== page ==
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Materials

Patent Picks: Graphene-Based Electronics

A look at recent patenting activity in graphene-based electronics, brought to you by C&EN and CAS

July 28, 2014 | APPEARED IN VOLUME 92, ISSUE 30

 

UP AND COMING
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The number of patents involving graphene has exploded in recent years.
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The number of patents involving graphene has exploded in recent years.

Graphene has captured scientists’ imaginations since 2004, when University of Manchester physicists Andre K. Geim and Konstantin S. Novoselov described a straightforward method for isolating single layers of the material. Their experiments underlined graphene’s promising electronic characteristics, and interest in the one-atom-thick planar sheets of sp2-bonded carbon atoms grew rapidly. The past few years have seen a surge in patent applications for graphene-based electronics, according to data from Chemical Abstracts Service databases. A few such applications are highlighted here.

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Protection from power loss

PACKING POWER
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Credit: Adapted from U.S. patent 20140111906
This graphene-based electrolytic capacitor might store more energy than traditional ones.This graphene-based electrolytic capacitor might store more energy than traditional ones.
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Credit: Adapted from U.S. patent 20140111906
This graphene-based electrolytic capacitor might store more energy than traditional ones.This graphene-based electrolytic capacitor might store more energy than traditional ones.

Flexible graphene films could be the key to rapid temperature sensors that optimize battery life, according to a recent patent from researchers at Stevens Institute of Technology (U.S. 20140103298). Using ink-jet printing techniques, materials science professor Woo Lee, graduate student Linh Le, and research assistant De Kong printed graphene oxide micropatterns on a variety of flexible polymer substrates. Subsequent reduction resulted in a flexible graphene film. These graphene films have a negative temperature coefficient (NTC); that is, their electrical resistance decreases as temperature increases, making them attractive for use in temperature sensors. To demonstrate, the researchers held a human finger to their graphene film and measured how long it took the film to detect the resulting increase in temperature. Their film’s temperature-sensing response time is an order of magnitude faster than that of traditional NTC materials based on metal oxide, they claim.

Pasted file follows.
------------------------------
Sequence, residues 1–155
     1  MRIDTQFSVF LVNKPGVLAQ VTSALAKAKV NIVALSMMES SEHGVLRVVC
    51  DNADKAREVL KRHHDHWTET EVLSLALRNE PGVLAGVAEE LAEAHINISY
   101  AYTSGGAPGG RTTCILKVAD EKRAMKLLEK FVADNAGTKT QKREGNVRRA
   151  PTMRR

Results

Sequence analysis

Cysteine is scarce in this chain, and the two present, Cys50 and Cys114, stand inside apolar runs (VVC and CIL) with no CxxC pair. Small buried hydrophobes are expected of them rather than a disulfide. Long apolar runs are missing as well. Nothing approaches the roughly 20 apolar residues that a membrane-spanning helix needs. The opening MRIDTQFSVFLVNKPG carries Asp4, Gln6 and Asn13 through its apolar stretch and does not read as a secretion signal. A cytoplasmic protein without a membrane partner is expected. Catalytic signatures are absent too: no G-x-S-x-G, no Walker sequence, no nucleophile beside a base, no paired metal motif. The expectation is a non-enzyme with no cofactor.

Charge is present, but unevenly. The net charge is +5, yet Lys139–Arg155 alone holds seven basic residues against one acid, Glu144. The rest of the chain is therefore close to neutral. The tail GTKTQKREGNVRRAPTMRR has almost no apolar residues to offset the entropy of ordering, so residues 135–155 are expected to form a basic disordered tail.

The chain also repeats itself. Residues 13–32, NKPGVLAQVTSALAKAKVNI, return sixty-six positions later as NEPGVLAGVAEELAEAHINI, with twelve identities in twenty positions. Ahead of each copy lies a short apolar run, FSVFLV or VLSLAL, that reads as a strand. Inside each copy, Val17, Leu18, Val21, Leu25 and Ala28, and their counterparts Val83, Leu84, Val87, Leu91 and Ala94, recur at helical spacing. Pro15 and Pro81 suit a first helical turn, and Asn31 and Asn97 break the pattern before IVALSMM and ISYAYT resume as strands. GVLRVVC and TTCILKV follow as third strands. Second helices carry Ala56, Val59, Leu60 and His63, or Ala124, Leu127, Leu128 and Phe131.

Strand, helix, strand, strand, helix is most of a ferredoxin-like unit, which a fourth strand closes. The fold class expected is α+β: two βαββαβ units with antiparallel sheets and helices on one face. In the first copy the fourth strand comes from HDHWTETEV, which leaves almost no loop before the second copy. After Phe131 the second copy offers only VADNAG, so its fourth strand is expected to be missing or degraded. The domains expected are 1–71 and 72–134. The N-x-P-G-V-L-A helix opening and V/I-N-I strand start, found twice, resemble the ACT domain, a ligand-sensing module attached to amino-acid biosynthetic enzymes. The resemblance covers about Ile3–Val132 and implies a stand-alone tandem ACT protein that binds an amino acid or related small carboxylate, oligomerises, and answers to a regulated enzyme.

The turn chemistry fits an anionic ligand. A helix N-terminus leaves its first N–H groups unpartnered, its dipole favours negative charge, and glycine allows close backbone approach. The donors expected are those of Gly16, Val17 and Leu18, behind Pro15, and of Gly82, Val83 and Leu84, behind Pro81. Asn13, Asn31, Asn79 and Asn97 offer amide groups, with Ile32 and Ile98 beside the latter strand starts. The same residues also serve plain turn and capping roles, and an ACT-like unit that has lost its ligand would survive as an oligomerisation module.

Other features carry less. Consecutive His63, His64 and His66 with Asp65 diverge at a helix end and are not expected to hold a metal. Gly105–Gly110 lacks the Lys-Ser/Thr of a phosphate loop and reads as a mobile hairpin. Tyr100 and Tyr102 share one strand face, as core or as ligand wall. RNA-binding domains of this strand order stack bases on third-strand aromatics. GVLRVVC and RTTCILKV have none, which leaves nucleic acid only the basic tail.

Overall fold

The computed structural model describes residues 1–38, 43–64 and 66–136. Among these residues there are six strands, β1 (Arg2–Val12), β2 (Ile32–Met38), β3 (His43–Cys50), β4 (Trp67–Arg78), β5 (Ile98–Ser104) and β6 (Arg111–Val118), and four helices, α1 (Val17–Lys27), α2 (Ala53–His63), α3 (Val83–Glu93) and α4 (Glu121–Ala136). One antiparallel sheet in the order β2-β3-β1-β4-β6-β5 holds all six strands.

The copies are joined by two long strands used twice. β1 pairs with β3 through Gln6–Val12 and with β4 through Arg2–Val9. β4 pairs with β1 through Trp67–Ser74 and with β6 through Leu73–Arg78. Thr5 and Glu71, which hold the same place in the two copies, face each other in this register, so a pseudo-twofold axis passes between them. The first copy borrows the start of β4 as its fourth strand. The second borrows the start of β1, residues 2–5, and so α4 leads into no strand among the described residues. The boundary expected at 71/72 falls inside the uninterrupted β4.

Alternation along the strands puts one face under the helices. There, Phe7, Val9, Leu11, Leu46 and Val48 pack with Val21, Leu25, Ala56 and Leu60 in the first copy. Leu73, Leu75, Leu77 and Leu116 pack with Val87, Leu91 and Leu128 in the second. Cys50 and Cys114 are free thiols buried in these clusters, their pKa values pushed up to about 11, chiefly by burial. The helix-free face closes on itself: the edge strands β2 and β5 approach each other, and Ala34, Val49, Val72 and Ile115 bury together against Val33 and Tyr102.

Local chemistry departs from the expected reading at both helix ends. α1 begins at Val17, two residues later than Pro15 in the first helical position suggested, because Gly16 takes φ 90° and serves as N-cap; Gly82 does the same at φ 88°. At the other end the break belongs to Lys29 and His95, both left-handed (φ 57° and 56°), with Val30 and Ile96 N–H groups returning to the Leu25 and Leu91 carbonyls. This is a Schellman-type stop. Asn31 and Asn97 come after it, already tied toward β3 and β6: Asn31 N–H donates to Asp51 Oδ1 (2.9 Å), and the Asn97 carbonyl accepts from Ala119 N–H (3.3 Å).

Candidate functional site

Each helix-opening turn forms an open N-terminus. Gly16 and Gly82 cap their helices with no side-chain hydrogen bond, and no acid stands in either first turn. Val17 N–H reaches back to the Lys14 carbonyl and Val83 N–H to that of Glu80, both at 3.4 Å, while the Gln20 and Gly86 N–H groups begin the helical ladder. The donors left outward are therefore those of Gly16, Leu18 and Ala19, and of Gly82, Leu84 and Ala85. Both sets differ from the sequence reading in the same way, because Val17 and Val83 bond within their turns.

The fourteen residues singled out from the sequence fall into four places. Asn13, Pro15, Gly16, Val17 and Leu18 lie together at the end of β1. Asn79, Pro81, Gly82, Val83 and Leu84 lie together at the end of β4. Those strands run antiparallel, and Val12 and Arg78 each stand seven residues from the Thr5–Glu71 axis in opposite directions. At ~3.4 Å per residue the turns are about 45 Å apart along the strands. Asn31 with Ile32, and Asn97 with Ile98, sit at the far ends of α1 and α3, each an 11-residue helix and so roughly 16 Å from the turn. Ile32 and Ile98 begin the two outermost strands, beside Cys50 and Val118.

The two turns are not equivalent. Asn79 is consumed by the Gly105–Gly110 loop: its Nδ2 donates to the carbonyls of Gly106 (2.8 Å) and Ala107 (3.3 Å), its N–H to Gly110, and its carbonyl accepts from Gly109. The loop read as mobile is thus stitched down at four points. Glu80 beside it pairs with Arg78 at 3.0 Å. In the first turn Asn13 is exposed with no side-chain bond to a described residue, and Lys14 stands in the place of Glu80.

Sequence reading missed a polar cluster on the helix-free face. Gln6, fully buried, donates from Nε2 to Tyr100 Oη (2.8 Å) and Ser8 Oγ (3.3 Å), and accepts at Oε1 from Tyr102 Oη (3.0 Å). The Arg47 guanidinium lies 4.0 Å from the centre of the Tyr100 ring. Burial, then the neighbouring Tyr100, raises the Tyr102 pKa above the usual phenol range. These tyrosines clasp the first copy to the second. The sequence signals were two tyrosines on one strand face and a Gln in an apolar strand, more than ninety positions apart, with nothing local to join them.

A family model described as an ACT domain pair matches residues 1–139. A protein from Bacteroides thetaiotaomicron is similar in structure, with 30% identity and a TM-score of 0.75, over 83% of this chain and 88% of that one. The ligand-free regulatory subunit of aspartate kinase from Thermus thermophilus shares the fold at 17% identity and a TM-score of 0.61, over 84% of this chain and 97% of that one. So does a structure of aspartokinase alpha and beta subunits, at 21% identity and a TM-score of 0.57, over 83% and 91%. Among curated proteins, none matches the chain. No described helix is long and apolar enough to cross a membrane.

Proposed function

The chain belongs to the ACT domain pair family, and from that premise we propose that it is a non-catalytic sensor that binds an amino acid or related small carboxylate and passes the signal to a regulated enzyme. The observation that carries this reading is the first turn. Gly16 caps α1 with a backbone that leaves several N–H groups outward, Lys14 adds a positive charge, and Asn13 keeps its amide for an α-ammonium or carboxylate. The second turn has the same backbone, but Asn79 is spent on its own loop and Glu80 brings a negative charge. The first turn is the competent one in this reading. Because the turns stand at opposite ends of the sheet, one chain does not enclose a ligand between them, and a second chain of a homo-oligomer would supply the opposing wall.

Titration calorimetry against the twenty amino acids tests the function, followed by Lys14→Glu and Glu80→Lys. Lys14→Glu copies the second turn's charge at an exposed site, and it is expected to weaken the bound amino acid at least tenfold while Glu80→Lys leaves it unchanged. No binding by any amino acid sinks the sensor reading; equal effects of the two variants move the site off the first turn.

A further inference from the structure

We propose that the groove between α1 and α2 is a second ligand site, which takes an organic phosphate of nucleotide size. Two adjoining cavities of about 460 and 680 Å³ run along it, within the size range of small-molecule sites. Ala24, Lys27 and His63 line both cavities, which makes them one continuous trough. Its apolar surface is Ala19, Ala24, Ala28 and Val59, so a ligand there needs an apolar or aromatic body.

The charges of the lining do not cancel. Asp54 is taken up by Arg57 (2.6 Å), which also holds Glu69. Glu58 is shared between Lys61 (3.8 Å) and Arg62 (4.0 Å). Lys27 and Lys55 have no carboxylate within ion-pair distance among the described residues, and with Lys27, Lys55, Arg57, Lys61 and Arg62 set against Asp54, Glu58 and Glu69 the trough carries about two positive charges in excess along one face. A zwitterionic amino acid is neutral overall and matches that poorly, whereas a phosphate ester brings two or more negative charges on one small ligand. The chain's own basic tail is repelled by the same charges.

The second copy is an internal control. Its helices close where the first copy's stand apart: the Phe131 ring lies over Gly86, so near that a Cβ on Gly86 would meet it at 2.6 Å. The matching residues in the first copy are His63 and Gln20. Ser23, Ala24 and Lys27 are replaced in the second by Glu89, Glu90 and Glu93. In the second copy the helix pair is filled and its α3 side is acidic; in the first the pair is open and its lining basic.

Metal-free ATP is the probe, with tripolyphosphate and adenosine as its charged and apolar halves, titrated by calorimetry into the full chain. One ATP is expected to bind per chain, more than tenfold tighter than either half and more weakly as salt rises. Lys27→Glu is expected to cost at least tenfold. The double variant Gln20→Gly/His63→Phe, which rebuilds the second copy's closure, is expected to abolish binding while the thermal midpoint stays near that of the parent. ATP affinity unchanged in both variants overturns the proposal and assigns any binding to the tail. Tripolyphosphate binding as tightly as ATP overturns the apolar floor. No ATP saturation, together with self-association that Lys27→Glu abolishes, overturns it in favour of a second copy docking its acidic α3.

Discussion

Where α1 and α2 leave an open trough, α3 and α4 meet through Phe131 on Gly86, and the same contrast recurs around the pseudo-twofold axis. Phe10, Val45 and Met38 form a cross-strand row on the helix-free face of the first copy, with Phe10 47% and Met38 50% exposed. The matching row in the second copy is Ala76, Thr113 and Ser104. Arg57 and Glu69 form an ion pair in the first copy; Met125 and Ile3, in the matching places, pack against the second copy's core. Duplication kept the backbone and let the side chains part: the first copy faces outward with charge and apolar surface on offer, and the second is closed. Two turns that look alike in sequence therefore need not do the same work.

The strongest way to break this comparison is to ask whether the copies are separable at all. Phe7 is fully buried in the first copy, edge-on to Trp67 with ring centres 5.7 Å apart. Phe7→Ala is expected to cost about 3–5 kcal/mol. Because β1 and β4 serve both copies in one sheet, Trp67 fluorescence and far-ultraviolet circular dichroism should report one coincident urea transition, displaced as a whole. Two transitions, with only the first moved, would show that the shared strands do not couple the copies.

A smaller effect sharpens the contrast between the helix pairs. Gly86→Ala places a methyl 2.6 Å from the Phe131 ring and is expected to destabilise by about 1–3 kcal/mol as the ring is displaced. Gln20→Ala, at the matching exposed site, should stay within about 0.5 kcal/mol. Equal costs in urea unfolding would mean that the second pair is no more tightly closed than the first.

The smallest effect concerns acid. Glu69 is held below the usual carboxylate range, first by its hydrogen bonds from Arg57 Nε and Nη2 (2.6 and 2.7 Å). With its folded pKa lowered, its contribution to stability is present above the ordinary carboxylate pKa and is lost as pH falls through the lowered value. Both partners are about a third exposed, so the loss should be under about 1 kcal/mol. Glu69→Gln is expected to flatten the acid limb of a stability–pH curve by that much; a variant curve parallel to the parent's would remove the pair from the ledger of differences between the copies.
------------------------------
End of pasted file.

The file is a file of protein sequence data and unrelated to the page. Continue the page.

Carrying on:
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A replacement for silicon in transistors

All electronic equipment is subject to interruption and damage from variations and outages in power. So researchers are looking for ways to provide such equipment with sufficient internal energy storage to last through the duration of a power interruption. Traditional electrolytic capacitors can back up equipment that normally requires hundreds of volts. But their energy storage capacity is typically in the microfarad range—far lower than the kilofarad range of supercapacitors. Supercapacitors, however, can’t provide the same voltages as traditional capacitors. Graphene could provide the best of both worlds, according to Thor E. Eilertsen, chief technology officer at capacitor manufacturer Custom Electronics. The firm recently described a graphene-based electrolytic capacitor that continues operating satisfactorily even after providing backup power for up to two to three seconds (U.S. 20140111906). The device’s novel graphene dielectric layer is made from stacked single-layer graphene films. Successive layers of graphene compensate for defects such as voids in individual layers to achieve the desired dielectric characteristics. The device also features an energy storage layer made from stacked sheets of graphene platelets. Eilertsen matched the pore size in these stacks to the ion size of the capacitor’s electrolyte, ensuring that maximum energy can be stored and then dissipated when needed.

Patent Picks is a collaborative effort by C&EN and CAS. This feature reports on trends CAS scientists observe from patents in CAS databases. Patents now generate more than 70% of the new substances appearing in the literature.

As electronics makers look for ways to pack more and more computing power into a smaller chip, silicon-based transistors eventually aren’t going to cut it. Fast and tiny, transistors built from graphene are a promising alternative. But there’s one problem: Graphene has no band gap. At low energies, semiconductor materials used in transistors act as insulators. Add a small amount of energy, and electrons flow freely. The difference between these energies is called the band gap. Silicon’s band gap makes it ideal for use in transistors—it conducts current quickly but doesn’t dissipate energy or leak current when not in use. But with graphene’s zero band gap, electrons flow freely through graphene’s lattice at any energy level. Scientists have tried to get around this by doping graphene to simulate band gap. Materials science and engineering professor Chun-Wei Chen and graduate student Po-Hsun Ho of National Taiwan University describe a transistor built from graphene doped with titanium oxide (U.S. 20140158988). They claim that the transistors perform better than those doped in other ways. What’s more, sealing the graphene layer with the doping layer greatly improves the transistor’s stability in air and in humid environments.

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